Video: BOS@MIA: Bogaerts' swinging bunt gets him a single

After splitting four games over the weekend with the Cubs, the Marlins faced another postseason team from a year ago in Boston.

"They're kind of a different animal than we've seen through the first four [games]," Marlins manager Don Mattingly said. "It's more of an all or nothing for the Cubs. This is a little different offense, where they'll take their hits. They'll kind of ding you a little bit, and they're dangerous also."

In the fourth inning, Richards encountered more bad luck when Andrew Benintendi reached on a check-swing single, and Hanley Ramirez crushed a two-run homer. Richards worked 4 1/3 innings, allowing five runs. He struck out five and walked one.

Video: BOS@MIA: Ramirez launches a two-run homer to left

Anderson, who drove in five runs in the four-game series with the Cubs, received the silent treatment in the dugout after his leadoff homer in the second inning. The opposite-field drive went a Statcast™ projected 384 feet, with an exit speed of 102 mph.

The 24-year-old third baseman is off to a hot start, batting .333 with a slugging percentage of .524.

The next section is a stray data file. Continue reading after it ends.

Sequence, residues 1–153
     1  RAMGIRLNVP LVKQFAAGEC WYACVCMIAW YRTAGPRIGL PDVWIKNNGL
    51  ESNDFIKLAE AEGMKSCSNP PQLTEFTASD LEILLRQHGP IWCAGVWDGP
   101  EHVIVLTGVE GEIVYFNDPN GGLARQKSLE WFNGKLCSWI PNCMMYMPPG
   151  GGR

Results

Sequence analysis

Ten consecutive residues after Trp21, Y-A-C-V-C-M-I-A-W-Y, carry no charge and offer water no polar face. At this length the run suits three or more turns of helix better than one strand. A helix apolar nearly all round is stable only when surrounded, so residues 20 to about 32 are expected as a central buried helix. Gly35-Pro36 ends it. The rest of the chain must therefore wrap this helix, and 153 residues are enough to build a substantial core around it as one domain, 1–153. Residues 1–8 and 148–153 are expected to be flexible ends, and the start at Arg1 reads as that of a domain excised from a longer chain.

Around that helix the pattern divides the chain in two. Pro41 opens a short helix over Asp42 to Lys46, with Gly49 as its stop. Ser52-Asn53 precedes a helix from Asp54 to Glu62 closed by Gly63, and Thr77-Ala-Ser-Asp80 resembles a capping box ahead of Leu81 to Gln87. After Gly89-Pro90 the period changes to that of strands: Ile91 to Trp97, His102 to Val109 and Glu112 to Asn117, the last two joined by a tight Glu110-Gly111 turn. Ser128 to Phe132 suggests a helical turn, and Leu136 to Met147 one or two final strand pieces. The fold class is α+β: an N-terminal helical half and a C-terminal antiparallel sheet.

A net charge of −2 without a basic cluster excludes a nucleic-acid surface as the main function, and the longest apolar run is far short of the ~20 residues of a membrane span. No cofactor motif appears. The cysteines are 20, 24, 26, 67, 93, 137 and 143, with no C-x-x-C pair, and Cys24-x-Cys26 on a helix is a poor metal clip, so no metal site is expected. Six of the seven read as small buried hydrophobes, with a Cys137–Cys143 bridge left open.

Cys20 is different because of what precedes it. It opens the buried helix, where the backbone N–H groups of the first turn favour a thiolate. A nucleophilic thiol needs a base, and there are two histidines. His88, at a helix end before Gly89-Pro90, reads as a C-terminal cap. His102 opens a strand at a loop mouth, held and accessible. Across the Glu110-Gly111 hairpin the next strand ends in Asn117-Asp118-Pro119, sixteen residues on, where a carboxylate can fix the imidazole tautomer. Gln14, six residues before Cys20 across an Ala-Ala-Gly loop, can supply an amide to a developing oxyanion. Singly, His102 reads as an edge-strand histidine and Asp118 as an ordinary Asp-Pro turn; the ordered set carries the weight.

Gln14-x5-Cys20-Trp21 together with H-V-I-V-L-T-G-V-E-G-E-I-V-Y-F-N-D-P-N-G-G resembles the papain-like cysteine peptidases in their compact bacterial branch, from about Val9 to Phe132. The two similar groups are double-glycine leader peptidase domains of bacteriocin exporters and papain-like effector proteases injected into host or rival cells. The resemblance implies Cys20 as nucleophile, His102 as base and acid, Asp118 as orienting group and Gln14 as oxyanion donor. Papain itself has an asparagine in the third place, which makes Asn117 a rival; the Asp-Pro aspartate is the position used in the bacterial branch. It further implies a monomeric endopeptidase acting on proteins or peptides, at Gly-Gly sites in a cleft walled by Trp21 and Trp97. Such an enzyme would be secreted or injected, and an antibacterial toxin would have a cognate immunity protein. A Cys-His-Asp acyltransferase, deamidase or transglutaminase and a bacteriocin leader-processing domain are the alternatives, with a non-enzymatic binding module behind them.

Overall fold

"They had some fun with it," Anderson said of his teammates' reception. "It's a good time."

Video: BOS@MIA: Anderson gets silent treatment after HR

To the fan that caught the ball, Anderson traded an autographed bat for it.

"It's a great trade for me," Anderson said.

Video: BOS@MIA: Marlins discuss 7-3 loss to Red Sox

MOMENTS THAT MATTERED
Two on, no results: Missed chances hurt the Marlins, especially in the third, fourth and sixth innings against Johnson. Up 1-0 in the third, Miami loaded the bases with two outs. With a chance to pad the lead, Anderson swung at a first pitch and grounded to short for a forceout. After the Red Sox went up, 4-1, the Marlins put runners on first and second with no outs in the fourth inning. But after Miguel Rojas lined out, Bryan Holaday bounced into a 4-6-3 double play. Following consecutive singles by Starlin Castro and Anderson, the Marlins couldn't advance a runner in the sixth.